A psychosomatic illness is one in which a bodily ailment is, at least in part, attributable to emotional factors. The role of anxiety and its emotional derivatives is a key concept of psychosomatic medicine and clinical studies have shown the temporal relation between the course of a patient's disease and the emotional vicissitudes of his life. In psychosomatic illnesses, the anxiety associated with a stressful situation is generally unconscious, but the physical repercussions of the emotion occur just the same.
The bodily reactions that accompany emotion serve a useful purpose when the emotion is temporary and appropriate. Fear or anger, for example, in the face of external danger or threat arouses a defensive response. Once appropriate action has been taken, the physiological emotional changes that have enabled the individual to reach into his reserves of strength usually subside. However, when the emotions are not discharged, due to being unconscious and part of a basic personality conflict, or because the person is involved in a repetitive and inescapable situation, the physical effects persist. Tissue change in an organ may be the end result. Thus, psychosomatic symptoms are the instruments that a patient has unconsciously adopted to handle some difficult situation. Although he consciously desires relief from his physical suffering, he will unconsciously resist relinquishing these safety mechanisms until some solution for the underlying problem seems imminent.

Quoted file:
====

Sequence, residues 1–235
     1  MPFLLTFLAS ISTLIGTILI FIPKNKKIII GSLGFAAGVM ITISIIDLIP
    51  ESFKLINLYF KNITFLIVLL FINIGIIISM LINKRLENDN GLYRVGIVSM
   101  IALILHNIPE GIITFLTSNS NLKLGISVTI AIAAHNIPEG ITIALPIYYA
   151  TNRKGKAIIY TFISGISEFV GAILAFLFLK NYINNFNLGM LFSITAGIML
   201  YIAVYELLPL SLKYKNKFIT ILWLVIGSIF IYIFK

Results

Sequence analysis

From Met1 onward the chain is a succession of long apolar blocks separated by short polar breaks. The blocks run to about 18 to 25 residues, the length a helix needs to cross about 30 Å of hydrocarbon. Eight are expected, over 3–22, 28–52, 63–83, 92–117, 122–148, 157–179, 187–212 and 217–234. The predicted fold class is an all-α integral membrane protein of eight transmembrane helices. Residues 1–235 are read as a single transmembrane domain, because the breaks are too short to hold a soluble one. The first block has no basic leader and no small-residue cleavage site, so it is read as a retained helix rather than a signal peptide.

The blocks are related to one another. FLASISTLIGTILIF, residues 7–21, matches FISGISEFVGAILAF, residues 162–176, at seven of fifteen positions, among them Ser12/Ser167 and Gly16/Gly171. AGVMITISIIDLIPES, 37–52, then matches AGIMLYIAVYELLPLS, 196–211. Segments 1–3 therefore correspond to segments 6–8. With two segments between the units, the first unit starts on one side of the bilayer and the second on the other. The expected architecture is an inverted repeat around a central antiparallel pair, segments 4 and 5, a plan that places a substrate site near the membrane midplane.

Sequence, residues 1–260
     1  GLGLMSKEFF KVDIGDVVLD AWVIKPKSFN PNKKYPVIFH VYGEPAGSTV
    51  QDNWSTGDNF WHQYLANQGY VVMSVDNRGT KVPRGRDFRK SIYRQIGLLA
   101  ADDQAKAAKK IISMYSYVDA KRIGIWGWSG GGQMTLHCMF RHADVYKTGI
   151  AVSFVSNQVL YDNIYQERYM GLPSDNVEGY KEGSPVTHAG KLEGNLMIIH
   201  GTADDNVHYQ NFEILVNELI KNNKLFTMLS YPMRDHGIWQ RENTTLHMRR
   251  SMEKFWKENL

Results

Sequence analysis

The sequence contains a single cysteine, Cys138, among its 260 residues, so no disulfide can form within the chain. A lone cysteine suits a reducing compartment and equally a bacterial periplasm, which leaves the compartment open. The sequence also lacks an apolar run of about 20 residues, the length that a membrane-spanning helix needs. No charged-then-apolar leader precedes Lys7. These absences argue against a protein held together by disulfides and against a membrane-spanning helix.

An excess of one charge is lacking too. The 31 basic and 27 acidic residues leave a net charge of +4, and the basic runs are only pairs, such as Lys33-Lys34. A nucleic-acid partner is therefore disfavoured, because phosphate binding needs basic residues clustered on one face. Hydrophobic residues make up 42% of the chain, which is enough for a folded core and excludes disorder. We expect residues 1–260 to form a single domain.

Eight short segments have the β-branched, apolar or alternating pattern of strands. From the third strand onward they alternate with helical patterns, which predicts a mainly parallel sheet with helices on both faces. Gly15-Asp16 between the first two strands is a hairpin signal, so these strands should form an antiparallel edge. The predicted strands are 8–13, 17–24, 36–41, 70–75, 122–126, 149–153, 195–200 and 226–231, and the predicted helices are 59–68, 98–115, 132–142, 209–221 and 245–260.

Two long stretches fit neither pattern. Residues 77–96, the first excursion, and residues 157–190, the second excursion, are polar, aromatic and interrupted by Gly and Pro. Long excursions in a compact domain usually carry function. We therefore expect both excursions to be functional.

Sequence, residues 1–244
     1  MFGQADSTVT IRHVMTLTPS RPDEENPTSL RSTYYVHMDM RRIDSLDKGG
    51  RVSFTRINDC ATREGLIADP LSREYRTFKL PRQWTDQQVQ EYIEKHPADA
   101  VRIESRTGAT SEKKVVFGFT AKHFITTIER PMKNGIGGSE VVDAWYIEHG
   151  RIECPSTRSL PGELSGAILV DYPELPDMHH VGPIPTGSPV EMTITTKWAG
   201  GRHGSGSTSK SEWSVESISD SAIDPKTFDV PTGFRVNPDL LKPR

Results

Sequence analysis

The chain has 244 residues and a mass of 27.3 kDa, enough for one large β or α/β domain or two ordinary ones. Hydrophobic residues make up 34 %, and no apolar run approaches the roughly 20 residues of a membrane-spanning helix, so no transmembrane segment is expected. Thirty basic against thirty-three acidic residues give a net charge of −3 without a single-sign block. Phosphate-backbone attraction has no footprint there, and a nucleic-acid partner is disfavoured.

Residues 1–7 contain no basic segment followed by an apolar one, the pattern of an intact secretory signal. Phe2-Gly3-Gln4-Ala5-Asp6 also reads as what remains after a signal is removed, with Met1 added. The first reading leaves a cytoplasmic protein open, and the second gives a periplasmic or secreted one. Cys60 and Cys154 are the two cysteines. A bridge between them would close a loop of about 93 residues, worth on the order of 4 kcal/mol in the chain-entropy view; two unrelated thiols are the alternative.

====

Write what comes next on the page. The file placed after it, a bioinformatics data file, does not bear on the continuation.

In every society the pressure exerted by family and friends contributes to maintain the global functional [status quo] of the whole. A "well integrated" education will mean that we have learned to cover up our tension and stress. The only acceptable problems are the physical symptoms and the diseases. The patient is forced into his bed, helpless victim of the disease, surrendering to his unlucky fate.